Create local repository and push it to GitHub

First of all, you will need to create local repository.

Requirement: you should have git already installed. You can find more info here: https://git-scm.com/book/en/v2/Getting-Started-Installing-Git

Go to the folder where your project is, then in terminal if you use Linux (0r Git Bash if you use Windows)

then type:

See if you have .gitignore file. If you have it then add folders which you want to exclude from appearing in your repository. If you don’t have it, then create it and add folders to ignore.

When you enter above command you might see message this message *** Please tell me who you are.

That means git doesn’t know particulars of the committer.

Then run this commands:

After that try committing again:

Now that git knows who we are, head to GitHub and create new repository(also skip adding README file, it’s too early too do so)

Then:

When you do this, you might face this error: hint: Updates were rejected because the remote contains work that you do
hint: not have locally.

That means remote repository has files that you don’t have locally. For example LICENSE file.

Then type:

This will allow you to get the remote files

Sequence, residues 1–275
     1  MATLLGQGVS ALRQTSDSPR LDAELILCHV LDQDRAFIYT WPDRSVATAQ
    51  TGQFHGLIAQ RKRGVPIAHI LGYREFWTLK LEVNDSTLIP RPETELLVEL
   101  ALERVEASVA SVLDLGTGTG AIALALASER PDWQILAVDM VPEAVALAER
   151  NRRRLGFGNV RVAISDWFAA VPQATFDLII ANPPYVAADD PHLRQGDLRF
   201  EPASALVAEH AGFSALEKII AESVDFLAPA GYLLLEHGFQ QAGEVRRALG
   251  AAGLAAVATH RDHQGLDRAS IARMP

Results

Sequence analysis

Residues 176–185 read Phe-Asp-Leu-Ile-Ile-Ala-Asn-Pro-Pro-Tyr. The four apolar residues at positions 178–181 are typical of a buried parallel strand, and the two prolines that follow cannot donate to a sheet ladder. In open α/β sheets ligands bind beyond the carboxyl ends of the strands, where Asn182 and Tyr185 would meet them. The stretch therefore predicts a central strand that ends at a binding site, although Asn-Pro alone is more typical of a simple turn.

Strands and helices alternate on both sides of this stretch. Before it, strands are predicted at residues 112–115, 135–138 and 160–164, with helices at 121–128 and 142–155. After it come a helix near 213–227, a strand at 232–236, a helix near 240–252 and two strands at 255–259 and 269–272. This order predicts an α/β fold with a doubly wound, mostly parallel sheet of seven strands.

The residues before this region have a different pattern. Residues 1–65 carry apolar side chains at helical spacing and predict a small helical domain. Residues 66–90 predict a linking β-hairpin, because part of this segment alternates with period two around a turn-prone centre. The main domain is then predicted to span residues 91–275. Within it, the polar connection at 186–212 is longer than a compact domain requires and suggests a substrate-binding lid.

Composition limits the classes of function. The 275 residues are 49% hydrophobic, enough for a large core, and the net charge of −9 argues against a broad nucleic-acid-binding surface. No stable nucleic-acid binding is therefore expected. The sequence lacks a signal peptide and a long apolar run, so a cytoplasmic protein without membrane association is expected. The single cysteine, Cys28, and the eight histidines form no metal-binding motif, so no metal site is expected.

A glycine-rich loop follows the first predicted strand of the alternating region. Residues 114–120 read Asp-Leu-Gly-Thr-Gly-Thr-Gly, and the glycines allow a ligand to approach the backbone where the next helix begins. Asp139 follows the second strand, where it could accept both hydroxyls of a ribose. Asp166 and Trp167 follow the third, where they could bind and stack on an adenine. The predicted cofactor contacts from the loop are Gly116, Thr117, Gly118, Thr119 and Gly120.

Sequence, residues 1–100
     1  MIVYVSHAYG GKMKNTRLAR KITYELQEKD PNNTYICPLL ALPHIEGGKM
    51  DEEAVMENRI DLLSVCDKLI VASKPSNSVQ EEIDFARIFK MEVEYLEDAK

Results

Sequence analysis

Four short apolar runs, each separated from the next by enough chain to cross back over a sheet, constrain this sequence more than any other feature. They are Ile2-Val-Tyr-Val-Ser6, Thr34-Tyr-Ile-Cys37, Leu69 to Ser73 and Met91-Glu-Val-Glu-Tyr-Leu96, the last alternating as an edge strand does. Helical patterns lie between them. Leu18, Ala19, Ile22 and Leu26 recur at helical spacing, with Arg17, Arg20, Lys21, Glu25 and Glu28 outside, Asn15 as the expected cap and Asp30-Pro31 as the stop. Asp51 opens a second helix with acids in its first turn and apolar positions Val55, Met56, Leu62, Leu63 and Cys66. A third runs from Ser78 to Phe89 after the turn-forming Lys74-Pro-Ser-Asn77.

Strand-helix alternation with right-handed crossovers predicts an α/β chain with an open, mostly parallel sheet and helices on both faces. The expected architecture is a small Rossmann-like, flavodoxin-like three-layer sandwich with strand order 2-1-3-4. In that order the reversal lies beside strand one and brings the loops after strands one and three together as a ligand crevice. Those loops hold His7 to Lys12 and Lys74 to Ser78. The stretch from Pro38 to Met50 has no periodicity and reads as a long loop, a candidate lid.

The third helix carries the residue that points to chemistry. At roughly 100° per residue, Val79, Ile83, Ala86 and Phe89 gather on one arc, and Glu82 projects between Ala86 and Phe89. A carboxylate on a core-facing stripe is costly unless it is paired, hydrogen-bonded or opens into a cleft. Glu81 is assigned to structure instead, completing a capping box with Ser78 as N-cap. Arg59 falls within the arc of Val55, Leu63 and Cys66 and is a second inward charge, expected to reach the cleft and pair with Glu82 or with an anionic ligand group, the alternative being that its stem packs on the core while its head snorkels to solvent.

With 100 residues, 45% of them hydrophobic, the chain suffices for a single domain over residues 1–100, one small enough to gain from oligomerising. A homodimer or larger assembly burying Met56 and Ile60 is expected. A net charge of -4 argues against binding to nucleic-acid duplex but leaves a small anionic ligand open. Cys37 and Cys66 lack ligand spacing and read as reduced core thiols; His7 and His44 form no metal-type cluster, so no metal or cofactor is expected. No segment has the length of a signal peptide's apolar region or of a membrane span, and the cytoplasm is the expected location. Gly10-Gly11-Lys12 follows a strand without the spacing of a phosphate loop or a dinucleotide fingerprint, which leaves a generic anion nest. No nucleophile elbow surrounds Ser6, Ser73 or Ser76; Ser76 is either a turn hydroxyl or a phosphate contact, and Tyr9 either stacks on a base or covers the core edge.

Now:

Type your username and password

Now you if check your GitHub repository you can see that your files are there.

That’s it.

So whenever you do changes locally and want to commit them, just run these commands:

You might notice that every time you push your files, you need to enter your username and credentials. You can use below command to store your username and password. However, it will store your password somewhere on computer in plain text 🙂

then you will be asked to enter your username and password. After completing this you won’t be asked to do it again.

 

Sources:

http://kbroman.org/github_tutorial/pages/init.html

https://stackoverflow.com/questions/11403407/git-asks-for-username-every-time-i-push

 

 

Initial CSS

It’s a good idea to custom set styles for the elements. However, elements are pre-set to certain puddings and margins . So it’s better to reset them. In your css file:

What are the options we used inside, you can see in my previous post.

CSS box model, Padding, Margin and Box-sizing

In css, all elements are placed in boxes. this is called box model.

Margin refers to the distance between the boxes.

Padding refers to the distance between the content and box edge.